Most Lebanese banks seemed willing to meet the Central Bank’s instructions to allow depositors who had foreign currency accounts before October 17, 2019, to start withdrawing $400 banknotes and its equivalent in pounds based on BDL’s exchange platform rates although some were not sure if these cash payments can be sustainable the second year.
BDL asked all commercial banks in Lebanon to allow their customers who meet Circular 158 criteria to provide the necessary funds for the next five years.
Many depositors who had foreign currency accounts before the mass anti-government protests were up in arms after the lenders applied strict capital control on withdrawal of dollar banknotes. Instead, banks, upon the instructions of BDL, offered their customers with foreign accounts LL3,900 for each dollar (better known as lollar) to appease their anger.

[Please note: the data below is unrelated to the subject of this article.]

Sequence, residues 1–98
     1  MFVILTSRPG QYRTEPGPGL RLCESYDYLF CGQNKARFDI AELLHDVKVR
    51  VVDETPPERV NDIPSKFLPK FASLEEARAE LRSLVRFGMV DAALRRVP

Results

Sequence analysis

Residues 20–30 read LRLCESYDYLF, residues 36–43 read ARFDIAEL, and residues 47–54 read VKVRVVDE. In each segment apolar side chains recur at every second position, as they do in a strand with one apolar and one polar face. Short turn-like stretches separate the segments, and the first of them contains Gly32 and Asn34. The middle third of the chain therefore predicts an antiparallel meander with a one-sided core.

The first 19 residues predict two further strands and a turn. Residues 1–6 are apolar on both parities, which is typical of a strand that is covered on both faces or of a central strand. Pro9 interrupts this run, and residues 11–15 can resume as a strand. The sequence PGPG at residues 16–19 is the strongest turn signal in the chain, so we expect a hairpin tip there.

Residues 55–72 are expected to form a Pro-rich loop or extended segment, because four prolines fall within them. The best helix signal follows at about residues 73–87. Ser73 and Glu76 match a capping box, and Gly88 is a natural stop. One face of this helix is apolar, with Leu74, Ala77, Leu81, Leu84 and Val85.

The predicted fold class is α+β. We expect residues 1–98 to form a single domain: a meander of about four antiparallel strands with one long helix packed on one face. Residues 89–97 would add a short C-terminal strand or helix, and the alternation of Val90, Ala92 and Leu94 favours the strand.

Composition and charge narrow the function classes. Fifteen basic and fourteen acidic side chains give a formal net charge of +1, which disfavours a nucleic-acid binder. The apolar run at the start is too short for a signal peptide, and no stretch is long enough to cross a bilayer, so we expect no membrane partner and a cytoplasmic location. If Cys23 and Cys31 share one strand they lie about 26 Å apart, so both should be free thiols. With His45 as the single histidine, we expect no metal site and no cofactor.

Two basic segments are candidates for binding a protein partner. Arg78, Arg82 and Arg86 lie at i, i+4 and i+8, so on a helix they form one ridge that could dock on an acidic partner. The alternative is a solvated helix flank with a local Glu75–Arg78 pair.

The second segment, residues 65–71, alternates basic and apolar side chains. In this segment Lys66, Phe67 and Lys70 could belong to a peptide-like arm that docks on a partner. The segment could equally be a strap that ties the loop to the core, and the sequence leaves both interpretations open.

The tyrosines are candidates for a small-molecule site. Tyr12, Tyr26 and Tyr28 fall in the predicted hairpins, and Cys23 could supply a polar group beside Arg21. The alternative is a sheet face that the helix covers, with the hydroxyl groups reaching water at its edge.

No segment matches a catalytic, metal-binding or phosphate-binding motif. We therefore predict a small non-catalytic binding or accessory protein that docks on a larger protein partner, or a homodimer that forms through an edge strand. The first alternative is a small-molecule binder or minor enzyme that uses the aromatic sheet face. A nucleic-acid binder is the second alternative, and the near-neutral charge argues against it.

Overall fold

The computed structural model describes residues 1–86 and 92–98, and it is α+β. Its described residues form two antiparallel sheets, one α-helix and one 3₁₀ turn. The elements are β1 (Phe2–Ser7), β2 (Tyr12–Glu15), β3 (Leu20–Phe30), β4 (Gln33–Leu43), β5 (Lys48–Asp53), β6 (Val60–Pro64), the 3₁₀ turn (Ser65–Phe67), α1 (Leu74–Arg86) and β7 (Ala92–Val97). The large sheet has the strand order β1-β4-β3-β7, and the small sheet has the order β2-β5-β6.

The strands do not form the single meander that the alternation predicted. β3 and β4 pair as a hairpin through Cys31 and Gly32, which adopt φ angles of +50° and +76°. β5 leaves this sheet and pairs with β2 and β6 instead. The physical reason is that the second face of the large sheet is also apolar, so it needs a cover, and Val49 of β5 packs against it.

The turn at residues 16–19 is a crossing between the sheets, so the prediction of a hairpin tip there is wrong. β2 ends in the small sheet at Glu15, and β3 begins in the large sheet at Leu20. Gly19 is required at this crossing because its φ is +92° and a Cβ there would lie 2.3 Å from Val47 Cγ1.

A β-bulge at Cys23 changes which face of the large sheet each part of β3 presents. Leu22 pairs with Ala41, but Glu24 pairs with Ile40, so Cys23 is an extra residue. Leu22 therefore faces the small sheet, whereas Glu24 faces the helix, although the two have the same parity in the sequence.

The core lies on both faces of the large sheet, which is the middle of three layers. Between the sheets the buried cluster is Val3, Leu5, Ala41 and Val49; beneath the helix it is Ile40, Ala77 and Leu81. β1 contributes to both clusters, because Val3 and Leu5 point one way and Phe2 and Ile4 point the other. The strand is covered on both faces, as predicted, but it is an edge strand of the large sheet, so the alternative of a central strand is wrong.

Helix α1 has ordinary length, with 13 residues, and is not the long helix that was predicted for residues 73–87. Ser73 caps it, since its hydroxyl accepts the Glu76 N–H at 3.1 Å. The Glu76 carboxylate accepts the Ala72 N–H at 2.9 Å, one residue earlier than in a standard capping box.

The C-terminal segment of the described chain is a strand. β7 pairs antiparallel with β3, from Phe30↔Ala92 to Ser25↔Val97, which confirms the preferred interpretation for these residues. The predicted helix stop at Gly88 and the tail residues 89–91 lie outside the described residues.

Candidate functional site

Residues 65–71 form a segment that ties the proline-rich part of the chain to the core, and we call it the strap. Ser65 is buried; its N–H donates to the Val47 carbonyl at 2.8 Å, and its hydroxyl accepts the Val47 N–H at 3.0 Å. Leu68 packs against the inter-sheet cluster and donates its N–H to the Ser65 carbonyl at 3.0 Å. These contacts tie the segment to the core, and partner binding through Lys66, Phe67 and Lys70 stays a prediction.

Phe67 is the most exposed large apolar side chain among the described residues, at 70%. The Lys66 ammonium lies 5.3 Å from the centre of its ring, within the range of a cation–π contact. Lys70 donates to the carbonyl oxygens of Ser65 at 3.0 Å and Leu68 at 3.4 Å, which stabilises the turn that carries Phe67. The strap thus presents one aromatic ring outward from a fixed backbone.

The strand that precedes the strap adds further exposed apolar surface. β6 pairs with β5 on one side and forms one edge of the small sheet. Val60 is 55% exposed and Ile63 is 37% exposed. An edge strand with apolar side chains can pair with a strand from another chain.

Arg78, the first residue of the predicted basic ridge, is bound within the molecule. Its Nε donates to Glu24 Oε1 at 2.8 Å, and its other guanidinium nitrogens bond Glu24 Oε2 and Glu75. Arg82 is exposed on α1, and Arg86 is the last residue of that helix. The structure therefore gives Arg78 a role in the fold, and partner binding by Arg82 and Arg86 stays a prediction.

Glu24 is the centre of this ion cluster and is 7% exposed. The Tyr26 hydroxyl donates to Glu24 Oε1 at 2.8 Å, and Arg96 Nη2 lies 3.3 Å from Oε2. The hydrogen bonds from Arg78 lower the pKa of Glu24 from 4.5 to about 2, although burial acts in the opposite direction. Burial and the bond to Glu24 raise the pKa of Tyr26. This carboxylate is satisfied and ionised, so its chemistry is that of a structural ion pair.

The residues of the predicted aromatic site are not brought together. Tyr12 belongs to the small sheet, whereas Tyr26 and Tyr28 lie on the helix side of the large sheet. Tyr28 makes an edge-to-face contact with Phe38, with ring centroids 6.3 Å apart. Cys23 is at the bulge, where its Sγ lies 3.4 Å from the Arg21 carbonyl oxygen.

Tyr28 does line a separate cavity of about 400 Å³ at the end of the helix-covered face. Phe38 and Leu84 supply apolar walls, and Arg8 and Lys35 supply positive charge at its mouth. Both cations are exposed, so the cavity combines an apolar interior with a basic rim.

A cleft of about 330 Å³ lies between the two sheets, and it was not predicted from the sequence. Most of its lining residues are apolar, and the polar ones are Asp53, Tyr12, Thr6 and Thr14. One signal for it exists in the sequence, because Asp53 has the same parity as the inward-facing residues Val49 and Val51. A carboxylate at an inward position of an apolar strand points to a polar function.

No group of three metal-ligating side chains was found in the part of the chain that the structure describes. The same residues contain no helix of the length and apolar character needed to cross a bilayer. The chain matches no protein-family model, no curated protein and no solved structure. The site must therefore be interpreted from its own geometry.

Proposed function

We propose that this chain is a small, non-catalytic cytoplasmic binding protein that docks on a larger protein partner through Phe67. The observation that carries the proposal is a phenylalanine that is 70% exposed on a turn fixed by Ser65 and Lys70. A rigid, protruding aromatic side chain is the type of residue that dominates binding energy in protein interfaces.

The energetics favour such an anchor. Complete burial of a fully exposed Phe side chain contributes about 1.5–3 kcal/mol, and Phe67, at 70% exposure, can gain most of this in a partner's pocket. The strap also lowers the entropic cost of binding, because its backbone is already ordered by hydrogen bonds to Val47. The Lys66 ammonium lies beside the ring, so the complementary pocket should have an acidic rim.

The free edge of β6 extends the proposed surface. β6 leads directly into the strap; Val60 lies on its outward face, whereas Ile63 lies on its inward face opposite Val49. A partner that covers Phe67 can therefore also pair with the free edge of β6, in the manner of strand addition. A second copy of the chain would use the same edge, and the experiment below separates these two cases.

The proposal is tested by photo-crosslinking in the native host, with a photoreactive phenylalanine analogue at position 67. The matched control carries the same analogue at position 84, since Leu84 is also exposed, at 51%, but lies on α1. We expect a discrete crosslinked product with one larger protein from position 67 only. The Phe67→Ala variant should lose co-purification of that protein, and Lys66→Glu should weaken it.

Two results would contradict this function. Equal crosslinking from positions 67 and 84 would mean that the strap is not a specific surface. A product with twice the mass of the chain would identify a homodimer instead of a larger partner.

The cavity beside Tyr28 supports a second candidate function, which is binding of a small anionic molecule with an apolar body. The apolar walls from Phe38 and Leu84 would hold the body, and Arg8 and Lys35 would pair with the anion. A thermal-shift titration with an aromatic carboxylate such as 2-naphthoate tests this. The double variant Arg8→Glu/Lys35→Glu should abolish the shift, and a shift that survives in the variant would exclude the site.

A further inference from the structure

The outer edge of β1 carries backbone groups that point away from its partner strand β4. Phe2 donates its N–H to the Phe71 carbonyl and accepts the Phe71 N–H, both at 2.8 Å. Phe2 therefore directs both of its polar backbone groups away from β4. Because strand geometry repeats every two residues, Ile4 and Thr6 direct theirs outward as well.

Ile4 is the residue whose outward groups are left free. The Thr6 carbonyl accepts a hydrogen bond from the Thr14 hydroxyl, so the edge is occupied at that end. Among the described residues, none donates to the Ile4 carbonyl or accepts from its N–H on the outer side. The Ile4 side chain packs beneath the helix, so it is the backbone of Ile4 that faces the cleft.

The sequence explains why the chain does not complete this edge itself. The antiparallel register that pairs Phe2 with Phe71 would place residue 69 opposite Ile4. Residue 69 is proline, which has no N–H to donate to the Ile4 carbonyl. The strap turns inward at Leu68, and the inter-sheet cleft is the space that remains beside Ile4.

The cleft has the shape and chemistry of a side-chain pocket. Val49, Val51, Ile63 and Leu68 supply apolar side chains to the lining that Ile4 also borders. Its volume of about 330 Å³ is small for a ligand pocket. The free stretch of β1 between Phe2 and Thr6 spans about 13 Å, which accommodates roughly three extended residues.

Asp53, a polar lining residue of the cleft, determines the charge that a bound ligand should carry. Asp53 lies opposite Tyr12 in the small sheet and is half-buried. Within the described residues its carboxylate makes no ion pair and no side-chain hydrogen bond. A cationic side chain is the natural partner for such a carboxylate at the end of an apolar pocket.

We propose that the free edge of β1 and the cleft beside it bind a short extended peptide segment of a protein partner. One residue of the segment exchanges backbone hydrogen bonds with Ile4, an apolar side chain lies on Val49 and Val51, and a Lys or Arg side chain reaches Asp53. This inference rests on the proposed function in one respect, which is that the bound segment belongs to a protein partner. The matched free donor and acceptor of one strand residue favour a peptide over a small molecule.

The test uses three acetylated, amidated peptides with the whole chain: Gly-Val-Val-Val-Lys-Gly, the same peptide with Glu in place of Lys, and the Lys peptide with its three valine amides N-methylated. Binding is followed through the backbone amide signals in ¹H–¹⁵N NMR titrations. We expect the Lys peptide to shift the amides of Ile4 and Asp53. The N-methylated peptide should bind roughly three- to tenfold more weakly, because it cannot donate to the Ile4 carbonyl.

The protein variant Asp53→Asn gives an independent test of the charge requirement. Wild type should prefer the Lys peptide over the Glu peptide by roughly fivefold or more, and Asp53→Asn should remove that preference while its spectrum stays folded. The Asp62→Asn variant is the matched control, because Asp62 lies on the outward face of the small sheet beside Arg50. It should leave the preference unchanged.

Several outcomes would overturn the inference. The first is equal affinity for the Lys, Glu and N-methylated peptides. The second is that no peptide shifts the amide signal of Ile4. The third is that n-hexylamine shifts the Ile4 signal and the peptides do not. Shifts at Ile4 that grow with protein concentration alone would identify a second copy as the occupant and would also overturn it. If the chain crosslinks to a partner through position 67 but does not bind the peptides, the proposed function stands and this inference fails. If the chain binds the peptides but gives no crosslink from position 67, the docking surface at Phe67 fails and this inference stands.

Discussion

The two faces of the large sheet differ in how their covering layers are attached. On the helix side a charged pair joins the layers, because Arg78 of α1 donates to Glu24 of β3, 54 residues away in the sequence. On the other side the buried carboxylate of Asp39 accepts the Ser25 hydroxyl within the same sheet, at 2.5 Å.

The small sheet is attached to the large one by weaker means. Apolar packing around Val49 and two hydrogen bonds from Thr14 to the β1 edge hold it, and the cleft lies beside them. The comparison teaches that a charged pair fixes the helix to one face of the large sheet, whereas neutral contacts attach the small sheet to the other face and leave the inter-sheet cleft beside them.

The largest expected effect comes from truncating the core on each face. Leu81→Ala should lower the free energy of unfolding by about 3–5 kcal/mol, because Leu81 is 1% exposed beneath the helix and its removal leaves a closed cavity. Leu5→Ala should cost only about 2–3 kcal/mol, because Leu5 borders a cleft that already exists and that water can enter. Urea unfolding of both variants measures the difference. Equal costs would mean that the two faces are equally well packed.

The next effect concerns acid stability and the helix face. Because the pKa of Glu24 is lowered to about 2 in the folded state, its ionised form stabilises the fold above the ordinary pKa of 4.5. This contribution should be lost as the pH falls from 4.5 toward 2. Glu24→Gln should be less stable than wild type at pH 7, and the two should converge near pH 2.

“After the release of the circular, banks are now obliged to meet the conditions set by BDL. I think we will be able to allow our customers to withdraw $400 in cash for the first year at least and then we have to wait and see,” a chairman of a leading bank told The Daily Star.
But some economists and financial analysts warned that printing more pounds and injecting them into the market will cause huge inflation and make the national currency weaker against the US dollar.
BDL said that the payment of $400 in Lebanese pounds will result in an increase of the money supply in pounds between LL26 trillion to LL27 trillion over a one-year period, stressing that this new decision would be a prelude in solving the problem of the banks that were not able to raise 3 percent liquidity in foreign currency.
Hassan Khalil, a financial analyst and economic expert, argued that BDL’s Circular 158 was illegal, cautioning that the whole idea was to ditch the small depositors in the first year.
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